Tie a Yellow Ribbon

“All off duty firefighters and off duty officers are ordered recalled immediately.” 

“I need you to roll every available ambulance to this position right now.”

These commands came over the scanners the morning of September 11, 2001, and the calls were answered. Paramedics, firefighters and police officers headed into the battle, with one motive: to help people.

As Time magazine put it on September 14th, “On a normal day, we value heroism because it is uncommon. On Sept. 11, we valued heroism because it was everywhere. The fire fighters kept climbing the stairs of the tallest buildings in town, even as the steel moaned and the cracks spread in zippers through the walls, to get to the people trapped in the sky… That sentiment was played out in miniature in the streets, where fleeing victims pulled the wounded to safety, and at every hospital, where the lines to give blood looped round and round the block. At the medical-supply companies, which sent supplies without being asked. At Verizon, where a worker threw on a New York fire department jacket to go save people.”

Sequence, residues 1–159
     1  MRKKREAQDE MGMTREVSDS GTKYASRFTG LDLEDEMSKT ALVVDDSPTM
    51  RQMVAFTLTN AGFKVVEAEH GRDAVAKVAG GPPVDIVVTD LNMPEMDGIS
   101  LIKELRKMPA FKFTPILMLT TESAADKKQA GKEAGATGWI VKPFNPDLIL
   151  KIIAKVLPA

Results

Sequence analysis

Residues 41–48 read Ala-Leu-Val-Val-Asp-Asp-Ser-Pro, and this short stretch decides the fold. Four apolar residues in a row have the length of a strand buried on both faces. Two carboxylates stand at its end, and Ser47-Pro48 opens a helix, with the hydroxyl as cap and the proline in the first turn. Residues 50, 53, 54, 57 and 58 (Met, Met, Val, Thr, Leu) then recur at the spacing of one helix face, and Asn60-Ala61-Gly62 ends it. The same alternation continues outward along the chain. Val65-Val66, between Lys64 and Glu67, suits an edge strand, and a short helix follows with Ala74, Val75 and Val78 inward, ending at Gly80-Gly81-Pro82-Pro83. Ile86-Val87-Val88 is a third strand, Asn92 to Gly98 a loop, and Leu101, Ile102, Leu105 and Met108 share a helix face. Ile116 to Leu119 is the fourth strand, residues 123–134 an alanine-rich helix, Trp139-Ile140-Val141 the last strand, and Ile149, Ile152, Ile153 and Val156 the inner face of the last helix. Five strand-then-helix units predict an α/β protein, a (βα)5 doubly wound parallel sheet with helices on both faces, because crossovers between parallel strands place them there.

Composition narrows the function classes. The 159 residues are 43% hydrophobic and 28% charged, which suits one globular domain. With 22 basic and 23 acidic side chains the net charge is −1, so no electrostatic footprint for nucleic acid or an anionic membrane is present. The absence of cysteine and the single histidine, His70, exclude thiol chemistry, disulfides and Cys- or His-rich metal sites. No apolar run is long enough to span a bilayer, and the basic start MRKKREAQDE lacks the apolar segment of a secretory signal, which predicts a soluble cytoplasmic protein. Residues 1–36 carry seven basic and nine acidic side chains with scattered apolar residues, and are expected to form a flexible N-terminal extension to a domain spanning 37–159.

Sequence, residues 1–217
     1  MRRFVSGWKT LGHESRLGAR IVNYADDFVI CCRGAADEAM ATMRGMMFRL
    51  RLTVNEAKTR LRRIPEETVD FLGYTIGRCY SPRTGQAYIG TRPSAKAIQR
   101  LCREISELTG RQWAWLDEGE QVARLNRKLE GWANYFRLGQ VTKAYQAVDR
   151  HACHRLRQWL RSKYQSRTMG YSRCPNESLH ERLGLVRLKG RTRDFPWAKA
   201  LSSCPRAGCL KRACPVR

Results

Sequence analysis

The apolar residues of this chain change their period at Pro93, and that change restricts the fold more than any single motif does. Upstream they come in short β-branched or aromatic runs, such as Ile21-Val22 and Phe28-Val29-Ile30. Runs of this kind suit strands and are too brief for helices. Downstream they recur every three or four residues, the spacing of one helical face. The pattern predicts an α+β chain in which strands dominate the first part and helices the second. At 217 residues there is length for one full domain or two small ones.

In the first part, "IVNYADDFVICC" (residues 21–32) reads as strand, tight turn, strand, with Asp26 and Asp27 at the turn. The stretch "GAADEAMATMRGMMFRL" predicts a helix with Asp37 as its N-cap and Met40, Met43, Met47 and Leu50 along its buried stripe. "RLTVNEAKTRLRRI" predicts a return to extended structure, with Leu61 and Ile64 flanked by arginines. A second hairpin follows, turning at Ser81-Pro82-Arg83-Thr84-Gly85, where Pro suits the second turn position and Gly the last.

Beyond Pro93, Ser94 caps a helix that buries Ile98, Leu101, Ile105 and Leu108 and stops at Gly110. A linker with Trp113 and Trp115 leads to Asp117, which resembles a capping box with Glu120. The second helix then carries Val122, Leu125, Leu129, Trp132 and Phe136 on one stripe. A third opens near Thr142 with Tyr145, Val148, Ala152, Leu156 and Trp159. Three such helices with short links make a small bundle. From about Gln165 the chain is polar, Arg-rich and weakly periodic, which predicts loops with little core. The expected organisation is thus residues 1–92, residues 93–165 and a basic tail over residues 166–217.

And over the fields of Pennsylvania, a similar brand of heroism took place as passengers of Flight 93 fought back against the hijackers who had taken control of their plane. Had Flight 93 stayed aloft a few seconds longer, it would have plowed into Shanksville-Stonycreek School and its 501 students, grades K through 12. Instead, at 10:06 a.m., the plane smashed into a reclaimed section of an old coal strip mine. Those brave passengers laid down their lives, but their act prevented even greater tragedy. 

Stories of self-sacrifice abound from that day, and we lost many whom we loved. Some were lost simply because of where they were that morning. Others knowingly ran into danger in order to save someone else. What can we do, nearly a decade later? We can honor them by one simple act — remembering.


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